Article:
Will North Korea Let 'Gangnam Style' Singer Psy Perform in Pyongyang?

Psy performs at the South Korean president inauguration ceremony in the National Assembly on February 25, 2013 in Seoul, South Korea. North Korea has yet to agree to the musician performing along with other K-Pop acts in the country this week. Park Jin-Hee-Pool/Getty Images

South Korean musician Psy nearly broke YouTube when his 2012 hit "Gangnam Style" reached a billion views—and his wacky performance style may be too much for North Korea to handle.

As South Korea prepares to send its finest K-pop musicians to perform in Pyongyang, officials of the two countries have yet to agree on the participation of the musician who became an international sensation with a song about the lifestyle of Seoul's fancy Gangnam district and accompanying horse-riding signature moves.

Even North Korea wasn't immune to Gangnam fever at the time. The government-linked website Uriminzokkiri published a video mocking then South Korean presidential candidate Park Geun-hye, sticking her head on the figure of a person seemingly performing the horse-dance moves, as CNN reported.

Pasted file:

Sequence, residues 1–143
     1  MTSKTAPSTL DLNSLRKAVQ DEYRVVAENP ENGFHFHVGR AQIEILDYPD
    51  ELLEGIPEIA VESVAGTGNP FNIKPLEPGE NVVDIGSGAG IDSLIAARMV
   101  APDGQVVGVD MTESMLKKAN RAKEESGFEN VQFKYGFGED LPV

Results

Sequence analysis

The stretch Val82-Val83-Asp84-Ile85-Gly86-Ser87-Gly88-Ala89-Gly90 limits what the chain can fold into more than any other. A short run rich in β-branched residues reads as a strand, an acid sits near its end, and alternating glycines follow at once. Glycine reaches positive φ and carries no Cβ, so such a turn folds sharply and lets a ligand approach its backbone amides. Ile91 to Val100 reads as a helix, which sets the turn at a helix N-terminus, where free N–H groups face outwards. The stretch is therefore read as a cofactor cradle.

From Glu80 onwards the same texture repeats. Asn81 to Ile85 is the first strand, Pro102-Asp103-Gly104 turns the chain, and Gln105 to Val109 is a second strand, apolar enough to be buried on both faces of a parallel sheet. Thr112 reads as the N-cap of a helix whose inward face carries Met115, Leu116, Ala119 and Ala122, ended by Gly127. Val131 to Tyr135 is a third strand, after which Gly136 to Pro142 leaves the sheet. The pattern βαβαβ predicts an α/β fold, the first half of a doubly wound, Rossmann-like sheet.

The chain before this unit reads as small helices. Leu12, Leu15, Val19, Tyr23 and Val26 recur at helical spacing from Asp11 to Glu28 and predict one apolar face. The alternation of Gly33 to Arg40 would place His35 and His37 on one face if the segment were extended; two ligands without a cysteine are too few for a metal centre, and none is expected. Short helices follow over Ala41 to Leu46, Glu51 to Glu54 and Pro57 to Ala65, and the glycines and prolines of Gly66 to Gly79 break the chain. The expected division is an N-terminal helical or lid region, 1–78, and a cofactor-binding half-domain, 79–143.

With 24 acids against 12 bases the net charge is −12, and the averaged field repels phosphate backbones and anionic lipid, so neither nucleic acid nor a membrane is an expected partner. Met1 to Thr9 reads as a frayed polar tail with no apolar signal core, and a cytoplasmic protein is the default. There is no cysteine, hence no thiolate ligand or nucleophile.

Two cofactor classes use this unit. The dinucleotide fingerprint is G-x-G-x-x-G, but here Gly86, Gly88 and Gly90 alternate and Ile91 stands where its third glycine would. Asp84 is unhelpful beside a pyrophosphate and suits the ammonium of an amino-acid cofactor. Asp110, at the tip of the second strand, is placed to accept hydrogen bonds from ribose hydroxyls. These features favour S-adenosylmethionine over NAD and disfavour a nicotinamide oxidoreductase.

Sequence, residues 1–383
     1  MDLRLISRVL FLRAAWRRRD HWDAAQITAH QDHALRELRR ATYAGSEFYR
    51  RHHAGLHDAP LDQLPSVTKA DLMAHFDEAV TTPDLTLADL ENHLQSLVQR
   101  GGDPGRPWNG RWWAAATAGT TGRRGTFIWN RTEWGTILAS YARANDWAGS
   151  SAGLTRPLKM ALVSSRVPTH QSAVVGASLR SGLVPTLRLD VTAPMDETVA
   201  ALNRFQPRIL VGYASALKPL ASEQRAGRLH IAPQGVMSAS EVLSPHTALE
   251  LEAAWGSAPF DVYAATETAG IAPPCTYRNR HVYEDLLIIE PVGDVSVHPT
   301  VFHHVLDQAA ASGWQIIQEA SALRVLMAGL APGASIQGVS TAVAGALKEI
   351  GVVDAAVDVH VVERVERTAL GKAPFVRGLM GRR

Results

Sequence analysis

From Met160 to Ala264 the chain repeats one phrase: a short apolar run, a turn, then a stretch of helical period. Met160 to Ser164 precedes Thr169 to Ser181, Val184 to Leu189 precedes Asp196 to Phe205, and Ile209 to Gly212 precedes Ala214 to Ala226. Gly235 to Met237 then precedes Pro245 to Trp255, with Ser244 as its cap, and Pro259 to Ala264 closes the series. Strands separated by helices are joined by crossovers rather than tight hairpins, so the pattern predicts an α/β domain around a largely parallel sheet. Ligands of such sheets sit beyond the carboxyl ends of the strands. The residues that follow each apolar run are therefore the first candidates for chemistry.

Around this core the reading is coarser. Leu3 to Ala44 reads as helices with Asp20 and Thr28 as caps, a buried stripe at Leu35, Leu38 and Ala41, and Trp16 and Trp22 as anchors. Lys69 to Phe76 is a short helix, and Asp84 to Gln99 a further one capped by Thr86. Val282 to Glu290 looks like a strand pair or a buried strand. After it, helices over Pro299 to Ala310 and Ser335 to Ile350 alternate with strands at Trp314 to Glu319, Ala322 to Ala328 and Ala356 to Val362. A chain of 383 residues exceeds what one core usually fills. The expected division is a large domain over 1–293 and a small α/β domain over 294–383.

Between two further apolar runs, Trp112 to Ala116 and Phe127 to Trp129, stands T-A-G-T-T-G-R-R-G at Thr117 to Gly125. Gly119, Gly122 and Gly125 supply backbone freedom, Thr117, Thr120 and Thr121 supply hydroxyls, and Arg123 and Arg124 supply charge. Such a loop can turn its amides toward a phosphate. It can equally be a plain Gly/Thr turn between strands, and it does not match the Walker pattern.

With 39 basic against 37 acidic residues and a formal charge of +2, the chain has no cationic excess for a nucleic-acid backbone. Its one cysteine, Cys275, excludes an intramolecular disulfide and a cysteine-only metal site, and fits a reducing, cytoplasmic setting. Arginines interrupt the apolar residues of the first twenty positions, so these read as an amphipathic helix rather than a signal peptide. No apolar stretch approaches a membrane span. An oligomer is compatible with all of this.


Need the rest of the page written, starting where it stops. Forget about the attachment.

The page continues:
Psy, whose real name is Park Jae-sang, was not named in the list of approved acts released last week following consultations between the countries' delegations. According to unsourced reports in the South Korean press, North Korean delegation leader Hyon Song-wol has expressed opposition to the inclusion of Psy on account of the musician's flamboyant performance style.

The South Korean government merely acknowledged that Psy was part of the negotiations, without adding details as to whether the singer will join the rest of the 160-member art troupe. "We have formally proposed to the North to add Psy to the line-up," South Korean broadcaster MBC TV said Sunday quoting a government official, according to Agence France-Press.

"We do not have details regarding the matter at the moment," ministry spokesman Baik Tae-hyun said at a press briefing on Monday, quoted in The Korea Herald, promising more details in the near future. "There will be an opportunity to reveal matters related to the art troupe tomorrow after organizing the current situation surrounding the (scheduled performances)," he added.

South Korea agreed to send a delegation of musicians to perform in Pyongyang on April 1 and April 3, to reciprocate the North Korean orchestra performances held in occasion of the Pyeongchang Winter Olympics in February.

The list of selected musicians included veteran K-pop singers like Cho Yong-pil, the last South Korean musician to perform in the country in 2005, as well as newer acts such as the popular girl band Red Velvet.